MLB.com’s success helped fuel the hullabaloo over the blackouts. MLB.tv advertises that it broadcasts “every game” over the Internet, conveniently forgetting to publicize the caveat that sometimes leaves more black screens than RGB. The majority of the public is unfamiliar with blackout rules until confronted with them from MLB.tv or the televised Extra Innings package, then outraged at a policy that originated around the Summer of Love and hasn’t changed.

Back then, MLB had 20 teams and little television coverage beyond the postseason. Territorial rights were analog endowments carried into the digital age, and while in some cases they still apply – the Red Sox own a legitimate claim to the entirety of New England with regional-sports network NESN’s ubiquity there, and the Yankees and Mets are big enough draws for the YES Network and SportsNet New York to stretch across their territories, and perhaps beyond – most should be up for grabs.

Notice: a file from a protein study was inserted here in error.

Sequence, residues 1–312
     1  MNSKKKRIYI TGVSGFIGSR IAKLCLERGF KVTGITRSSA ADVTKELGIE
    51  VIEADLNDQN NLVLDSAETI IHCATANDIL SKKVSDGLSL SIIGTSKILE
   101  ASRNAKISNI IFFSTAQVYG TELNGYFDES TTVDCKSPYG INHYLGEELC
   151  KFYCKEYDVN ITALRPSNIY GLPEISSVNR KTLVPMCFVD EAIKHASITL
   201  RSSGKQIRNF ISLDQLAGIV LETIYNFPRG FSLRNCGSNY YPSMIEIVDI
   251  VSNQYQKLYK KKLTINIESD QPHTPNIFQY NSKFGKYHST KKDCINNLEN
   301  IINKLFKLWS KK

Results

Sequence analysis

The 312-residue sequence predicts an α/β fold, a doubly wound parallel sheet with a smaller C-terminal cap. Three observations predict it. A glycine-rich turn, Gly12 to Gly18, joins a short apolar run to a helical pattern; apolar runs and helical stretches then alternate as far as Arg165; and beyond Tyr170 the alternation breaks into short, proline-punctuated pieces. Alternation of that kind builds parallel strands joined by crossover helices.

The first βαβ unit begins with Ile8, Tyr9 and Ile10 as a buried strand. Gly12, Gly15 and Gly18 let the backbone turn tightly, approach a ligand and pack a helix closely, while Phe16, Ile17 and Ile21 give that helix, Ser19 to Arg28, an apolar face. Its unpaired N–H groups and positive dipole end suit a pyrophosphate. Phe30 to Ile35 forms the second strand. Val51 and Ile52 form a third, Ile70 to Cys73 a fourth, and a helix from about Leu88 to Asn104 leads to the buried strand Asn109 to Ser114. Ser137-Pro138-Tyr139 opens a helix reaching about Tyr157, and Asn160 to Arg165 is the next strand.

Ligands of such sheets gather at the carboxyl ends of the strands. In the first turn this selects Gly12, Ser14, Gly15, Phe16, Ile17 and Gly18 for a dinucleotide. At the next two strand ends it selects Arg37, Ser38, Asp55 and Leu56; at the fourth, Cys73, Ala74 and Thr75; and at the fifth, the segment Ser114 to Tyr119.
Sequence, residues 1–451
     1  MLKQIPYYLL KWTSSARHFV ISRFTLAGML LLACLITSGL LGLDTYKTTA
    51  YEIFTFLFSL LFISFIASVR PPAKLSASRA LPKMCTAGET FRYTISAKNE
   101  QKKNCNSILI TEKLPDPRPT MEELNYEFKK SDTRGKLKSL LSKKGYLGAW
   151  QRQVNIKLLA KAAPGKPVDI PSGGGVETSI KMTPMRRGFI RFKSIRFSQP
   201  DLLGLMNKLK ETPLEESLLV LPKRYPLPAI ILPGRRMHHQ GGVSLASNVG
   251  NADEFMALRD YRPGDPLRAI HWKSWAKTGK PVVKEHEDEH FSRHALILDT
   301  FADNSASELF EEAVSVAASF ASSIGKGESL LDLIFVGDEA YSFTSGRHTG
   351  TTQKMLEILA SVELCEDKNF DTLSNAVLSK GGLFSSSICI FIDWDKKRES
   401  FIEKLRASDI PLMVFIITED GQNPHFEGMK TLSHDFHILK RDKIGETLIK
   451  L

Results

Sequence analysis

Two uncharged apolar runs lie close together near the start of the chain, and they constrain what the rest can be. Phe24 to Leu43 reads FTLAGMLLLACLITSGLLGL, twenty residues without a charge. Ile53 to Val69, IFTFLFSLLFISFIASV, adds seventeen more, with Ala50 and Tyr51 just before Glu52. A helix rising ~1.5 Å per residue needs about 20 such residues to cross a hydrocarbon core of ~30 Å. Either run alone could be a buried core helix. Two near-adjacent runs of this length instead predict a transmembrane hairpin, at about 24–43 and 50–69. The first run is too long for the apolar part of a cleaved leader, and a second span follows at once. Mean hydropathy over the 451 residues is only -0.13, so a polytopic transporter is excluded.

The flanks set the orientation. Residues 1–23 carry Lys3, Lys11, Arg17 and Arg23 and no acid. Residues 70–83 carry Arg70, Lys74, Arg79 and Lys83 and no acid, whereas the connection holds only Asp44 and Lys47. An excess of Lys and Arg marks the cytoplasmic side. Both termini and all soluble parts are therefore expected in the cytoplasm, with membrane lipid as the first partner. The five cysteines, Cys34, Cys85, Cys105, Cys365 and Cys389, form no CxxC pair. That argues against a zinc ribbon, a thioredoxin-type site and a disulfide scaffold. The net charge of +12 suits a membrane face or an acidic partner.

Is Des Moines a Twins territory? Do the White Sox have a genuine claim? Why not the Royals? They’re closest. The Cubs are the most popular, the Cardinals traditionally the most successful, the Brewers currently the best. If nothing else, the re-written territorial-rights map could give teams incentive to actively pursue areas such as Iowa and Las Vegas and draw new fans instead of relying on what they inherited. The forgotten would turn into the recruited.

Obstacles do remain, which is why 2009 is an optimistic date and the blackouts could stretch into the next decade. DuPuy may not be satisfied with teams’ findings, and teams may fight for their territories out of fear that the have-have not divide would only deepen with a re-drawn map.